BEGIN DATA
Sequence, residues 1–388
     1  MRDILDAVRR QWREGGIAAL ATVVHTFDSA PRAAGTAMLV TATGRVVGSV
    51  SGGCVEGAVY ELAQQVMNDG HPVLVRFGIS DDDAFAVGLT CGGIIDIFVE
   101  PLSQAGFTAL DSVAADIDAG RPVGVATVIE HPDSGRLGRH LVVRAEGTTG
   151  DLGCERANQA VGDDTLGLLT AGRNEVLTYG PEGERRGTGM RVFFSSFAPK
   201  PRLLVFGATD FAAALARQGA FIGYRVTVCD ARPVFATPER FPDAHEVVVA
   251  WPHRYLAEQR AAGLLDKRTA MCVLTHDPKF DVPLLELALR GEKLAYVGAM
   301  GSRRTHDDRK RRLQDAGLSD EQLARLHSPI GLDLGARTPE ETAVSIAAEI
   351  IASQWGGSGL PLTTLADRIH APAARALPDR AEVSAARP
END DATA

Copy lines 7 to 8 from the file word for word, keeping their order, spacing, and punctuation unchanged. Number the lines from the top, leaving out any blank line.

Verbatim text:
   251  WPHRYLAEQR AAGLLDKRTA MCVLTHDPKF DVPLLELALR GEKLAYVGAM
   301  GSRRTHDDRK RRLQDAGLSD EQLARLHSPI GLDLGARTPE ETAVSIAAEI